When technical analysts measure the participation within a market trend, they’re measuring the “breadth” of the market.

In other words, they’re analysing how many of an index’s constituents are making new highs when the index is making new highs, or how many constituents are making new lows when the index is in a downtrend.

Throughout history, there are countless examples of how breadth divergences against the underlying index have acted as a leading indicator of major market pullbacks.

The problem with these divergences, however, is that they can often develop over very long time periods before the market finally turns. 

In other words, rather than using these divergences as precision timing tools they should be viewed as a reason not to carry too much leverage or overexposure that could cause your account to be wiped out when the market finally reacts negatively. 

Today, we’re going to examine the granddaddy of all breadth indicators, and combine its current signal with another key indicator to determine the potential that a meaningful top in the market is finally near. 

The NYSE Advance-Decline is the most widely followed Breadth indicator

According to Stockcharts.com, “The Advance-Decline Line (AD Line) is a breadth indicator based on Net Advances, which is the number of advancing stocks less the number of declining stocks. Net Advances is positive when advances exceed declines and negative when declines exceed advances. The AD Line is a cumulative measure of Net Advances, rising when it is positive and falling when it is negative. Chartists can use Net Advances to plot the AD Line for the index and compare it to the performance of the actual index. 

When an uptrend is strong, the Advance-Decline Line should confirm the advance by making new highs with the index.

Conversely, when a downtrend is strong, the AD Line should confirm the decline by making new lows with the index.

When non-confirmation, or divergence, occurs it usually foreshadows a trend reversal.

As I noted in my opening comments, however, timing these reversals is usually difficult. 

Keeping an eye on this breadth indicator is important because it can warn us when financial market liquidity is becoming a problem.

For much of the 2021 rally, one of the biggest issues that many bears have leaned on is the fact that the major indices have been carried higher by a handful of really big capitalization stocks, as the smaller companies have been fighting for liquidity in the same market.

When fewer buyers are entering the market it causes liquidity to dry up, and it’s usually the smaller companies that suffer first.

In the past, I’ve used the “canary in a coalmine” analogy to describe how certain market indicators provide an early warning that the underlying health of the market is not what it appears to be on the surface.

When it comes to the past divergence examples shown on Figure 1 below, this is yet another example of this.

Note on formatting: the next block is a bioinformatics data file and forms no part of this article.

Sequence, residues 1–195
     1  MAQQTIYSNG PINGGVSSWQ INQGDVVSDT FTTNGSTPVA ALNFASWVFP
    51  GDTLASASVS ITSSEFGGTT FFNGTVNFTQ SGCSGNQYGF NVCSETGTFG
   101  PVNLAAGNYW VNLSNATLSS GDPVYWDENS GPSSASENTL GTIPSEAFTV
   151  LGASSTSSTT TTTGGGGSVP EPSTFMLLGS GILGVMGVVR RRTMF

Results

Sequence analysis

To compare apples to apples, I’ve placed the New York Stock Exchange (NYSE) Advance-Decline line (top panel) on Figure 1 below along with the price of the NYSE (bottom panel).

Figure 1 

In the relatively short period of time that has passed since the COVID crisis lows, you can see how this indicator has acted as a coincident indicator, confirming the NYSE when it was in midst of strong rallies, and as a leading indicator, not only diverging lower against the index prior to the small downside corrections, but also diverging higher against the index prior to its late 2020 break higher.

How should traders play the current breadth divergence?

If it seems like we’ve had this discussion many times in recent months, that’s because we have. 

Bull markets usually produce numerous instances when prices make new highs at the same time many of our favorite indicators are not confirming the move, causing us to question the sustainability of the rally.

At some point, the major indices will no longer go straight up and will start to witness the kinds of volatility cycles that have occurred for hundreds of years.

Until that time comes, it’s certainly a good thing to be skeptical when things like major breadth diverges occur.

At the same time, though, we must trade the trend, which means fighting the urge to take big positions against the trend until the ultimate arbiter, price, tells us otherwise. 

So, while the NYSE Advance-Decline line’s lack of confirmation for the NYSE’s new August price highs now combines with a lack of upside momentum confirmation as shown on Figure 2 below, the broader market will not signal that the current uptrend is witnessing a major breakdown until the S&P 500 falls below 4367 and the NYSE falls below 16,345.

Figure 2


Jeff Bishop

One of the best traders anywhere, over the past 20 years Jeff’s made multi-millions trading stocks, ETFs, and options. He is renowned as an incredible trader with a deep insight and a sensitive pulse on the markets and the economy. Jeff Bishop is CEO and Co-Founder of RagingBull.com.

Even greater than his prowess as a trader is his skill and passion in teaching others how to trade and rake in profits while managing risk.

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